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e-Government

Speakers
Mr Francisco García Morán, Director-General from the Directorate of General Informatics

 Date
29 Apr 2011

 Venue
Conference Room, Level 37, EU Delegation in Singapore, 250 North Bridge Road, #37-01 Raffles City Tower Singapore 179101

 Time
9.30am – 11.00am

 Downloads





The use of eGovernment has been in existence for some time in various countries. However its implementation is still largely restricted to the national level. In the European Union, the full implementation of e-Government across national borders – hitherto unrealised – would offer a huge potential for the EU’s Single Market. With greater ease of transactions, mobility and compliance, the European Commission would be to accomplish its goals more effectively and efficiently, in managing and delivering EU policies for the benefit of EU public administrations, citizens and business.

 

Francisco García Morán, Director General of the European Commission’s Directorate-General for Informatics (DIGIT), gave a public talk on the state of eGovernment in the EU under the framework of the Digital Agenda for Europe (DAE), which encompasses policy decisions and incentives related to the digital economy. The DAE is a flagship programme which falls under the EU2020 Strategy outlining the priorities of the Barroso II Commission (2010-15) and beyond.

The lack of interoperability between the different information and communications technology (ICT) systems of the individual EU member states stands as one crucial issue, said Mr García Morán. The problem is not one of technological inadequacies, but of the lack of a common framework of standards. EU programmes such as the Interoperability Solutions for European Public Administrations (IPA) act as catalysts to build bridges between policy and technology. But it is essentially left to the will of politicians from individual EU member states to translate their commitments towards cross-border eGovernment – made at theeGovernment Ministerial Declaration at Malmö in 2009 for instance – into national legislation and action plans.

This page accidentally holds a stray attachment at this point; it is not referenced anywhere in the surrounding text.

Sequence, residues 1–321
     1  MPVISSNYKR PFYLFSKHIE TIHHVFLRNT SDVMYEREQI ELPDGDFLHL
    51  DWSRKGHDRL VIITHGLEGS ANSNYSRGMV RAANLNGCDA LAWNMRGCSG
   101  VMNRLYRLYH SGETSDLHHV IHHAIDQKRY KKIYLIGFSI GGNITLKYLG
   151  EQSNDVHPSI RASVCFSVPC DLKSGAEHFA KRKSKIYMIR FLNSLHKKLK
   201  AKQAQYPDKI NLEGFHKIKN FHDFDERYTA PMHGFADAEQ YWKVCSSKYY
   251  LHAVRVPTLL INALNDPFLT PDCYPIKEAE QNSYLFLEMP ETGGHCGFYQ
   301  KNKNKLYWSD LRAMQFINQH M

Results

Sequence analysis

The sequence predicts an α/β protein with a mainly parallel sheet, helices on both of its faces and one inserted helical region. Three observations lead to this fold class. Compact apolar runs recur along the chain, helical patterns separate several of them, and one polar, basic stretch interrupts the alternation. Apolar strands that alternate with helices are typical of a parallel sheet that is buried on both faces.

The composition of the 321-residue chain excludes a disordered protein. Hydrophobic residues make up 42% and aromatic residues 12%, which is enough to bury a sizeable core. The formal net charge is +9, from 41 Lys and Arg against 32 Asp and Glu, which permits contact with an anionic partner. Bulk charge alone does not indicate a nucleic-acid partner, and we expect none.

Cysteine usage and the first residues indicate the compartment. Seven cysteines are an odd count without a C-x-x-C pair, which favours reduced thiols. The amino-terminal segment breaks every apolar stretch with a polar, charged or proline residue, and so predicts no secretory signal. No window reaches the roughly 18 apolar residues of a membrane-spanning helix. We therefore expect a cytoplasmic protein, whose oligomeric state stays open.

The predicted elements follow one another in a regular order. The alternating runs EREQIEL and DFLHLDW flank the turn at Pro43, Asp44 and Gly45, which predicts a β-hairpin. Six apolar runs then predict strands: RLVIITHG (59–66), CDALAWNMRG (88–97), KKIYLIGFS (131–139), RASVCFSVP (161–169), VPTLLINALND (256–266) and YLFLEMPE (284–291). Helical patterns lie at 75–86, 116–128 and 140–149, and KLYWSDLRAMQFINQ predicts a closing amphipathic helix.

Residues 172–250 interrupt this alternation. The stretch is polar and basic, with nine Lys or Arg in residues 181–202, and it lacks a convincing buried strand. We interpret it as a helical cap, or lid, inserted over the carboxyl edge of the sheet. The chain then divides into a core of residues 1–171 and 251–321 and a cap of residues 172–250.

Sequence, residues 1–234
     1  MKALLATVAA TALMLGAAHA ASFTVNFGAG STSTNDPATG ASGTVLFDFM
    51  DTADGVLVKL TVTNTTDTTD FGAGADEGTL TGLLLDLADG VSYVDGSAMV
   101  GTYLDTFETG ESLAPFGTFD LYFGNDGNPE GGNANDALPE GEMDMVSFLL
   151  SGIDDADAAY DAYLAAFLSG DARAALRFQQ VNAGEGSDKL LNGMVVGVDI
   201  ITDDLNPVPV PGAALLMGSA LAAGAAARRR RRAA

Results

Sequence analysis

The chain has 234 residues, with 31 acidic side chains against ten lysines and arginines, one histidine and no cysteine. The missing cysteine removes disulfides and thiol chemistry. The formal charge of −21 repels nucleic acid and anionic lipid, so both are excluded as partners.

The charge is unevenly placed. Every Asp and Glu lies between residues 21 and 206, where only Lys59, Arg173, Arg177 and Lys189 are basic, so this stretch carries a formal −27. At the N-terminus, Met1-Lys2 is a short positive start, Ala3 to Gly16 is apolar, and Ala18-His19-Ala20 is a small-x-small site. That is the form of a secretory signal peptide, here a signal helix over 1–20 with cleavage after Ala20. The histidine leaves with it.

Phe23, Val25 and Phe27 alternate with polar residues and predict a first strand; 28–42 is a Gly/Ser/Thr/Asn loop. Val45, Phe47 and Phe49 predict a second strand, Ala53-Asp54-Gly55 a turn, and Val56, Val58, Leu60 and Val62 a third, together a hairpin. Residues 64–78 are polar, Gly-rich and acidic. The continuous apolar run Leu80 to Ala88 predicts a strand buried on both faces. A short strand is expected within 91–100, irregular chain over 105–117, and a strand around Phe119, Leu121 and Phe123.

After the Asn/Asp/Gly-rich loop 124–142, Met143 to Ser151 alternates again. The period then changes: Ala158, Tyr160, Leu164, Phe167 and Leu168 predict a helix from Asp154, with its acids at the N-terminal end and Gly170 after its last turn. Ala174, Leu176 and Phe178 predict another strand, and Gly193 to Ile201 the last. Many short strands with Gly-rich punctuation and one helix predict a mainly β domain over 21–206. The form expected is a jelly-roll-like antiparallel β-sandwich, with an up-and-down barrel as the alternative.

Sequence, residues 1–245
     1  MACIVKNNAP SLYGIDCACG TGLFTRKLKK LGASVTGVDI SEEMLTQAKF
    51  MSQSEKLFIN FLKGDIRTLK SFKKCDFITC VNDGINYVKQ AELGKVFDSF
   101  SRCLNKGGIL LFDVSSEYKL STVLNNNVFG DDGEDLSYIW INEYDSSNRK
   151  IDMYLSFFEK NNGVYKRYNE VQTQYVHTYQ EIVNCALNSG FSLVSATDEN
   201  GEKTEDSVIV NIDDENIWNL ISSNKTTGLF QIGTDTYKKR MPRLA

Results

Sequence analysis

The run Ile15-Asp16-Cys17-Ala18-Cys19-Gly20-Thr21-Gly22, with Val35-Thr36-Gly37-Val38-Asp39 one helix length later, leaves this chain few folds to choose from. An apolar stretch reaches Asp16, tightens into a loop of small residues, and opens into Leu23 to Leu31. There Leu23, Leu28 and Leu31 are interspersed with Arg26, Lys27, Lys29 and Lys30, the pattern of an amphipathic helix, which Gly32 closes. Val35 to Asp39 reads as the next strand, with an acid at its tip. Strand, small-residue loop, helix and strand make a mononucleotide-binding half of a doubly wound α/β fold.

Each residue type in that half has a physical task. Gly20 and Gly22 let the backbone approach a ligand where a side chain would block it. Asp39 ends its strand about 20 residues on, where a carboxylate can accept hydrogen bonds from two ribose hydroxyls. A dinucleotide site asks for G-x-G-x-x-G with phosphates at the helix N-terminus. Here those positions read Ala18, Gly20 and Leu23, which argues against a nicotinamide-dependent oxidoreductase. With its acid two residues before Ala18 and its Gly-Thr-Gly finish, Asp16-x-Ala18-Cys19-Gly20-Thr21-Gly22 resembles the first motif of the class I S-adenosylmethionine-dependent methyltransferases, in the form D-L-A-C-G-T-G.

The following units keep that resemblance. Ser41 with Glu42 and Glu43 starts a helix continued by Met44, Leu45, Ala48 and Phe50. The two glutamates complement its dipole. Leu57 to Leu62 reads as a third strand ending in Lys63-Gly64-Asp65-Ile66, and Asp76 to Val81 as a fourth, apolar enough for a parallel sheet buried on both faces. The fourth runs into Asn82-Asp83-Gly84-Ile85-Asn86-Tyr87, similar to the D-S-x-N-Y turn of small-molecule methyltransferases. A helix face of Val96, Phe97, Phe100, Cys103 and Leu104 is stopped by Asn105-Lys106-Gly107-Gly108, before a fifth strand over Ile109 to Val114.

In a complex environment such as the EU, Mr García Morán pointed out, interoperability cannot be overemphasised. He cited the examples of two EU countries – Spain and Estonia. Despite both countries being highly ranked internationally in terms of eGovernment readiness, Spanish citizens would not be able to use their national ID cards to access European-wide services while in Estonia, and vice versa.

The e-Commission – a strategic framework for the European Commission in implementing eGovernment policies – has come a long way from the days of having only a simple website without the possibility of citizen-to-government interaction. The strategic goals of e-Commission 2011-15 have been drawn out by MrGarcía Morán and his team, and look to further streamlining administrative processes and working methods, so as to make eGovernment services more user-friendly. Nonetheless challenges remain for DIGIT, not least in having to deal with an increasing workload while facing pressures on its administrative budget.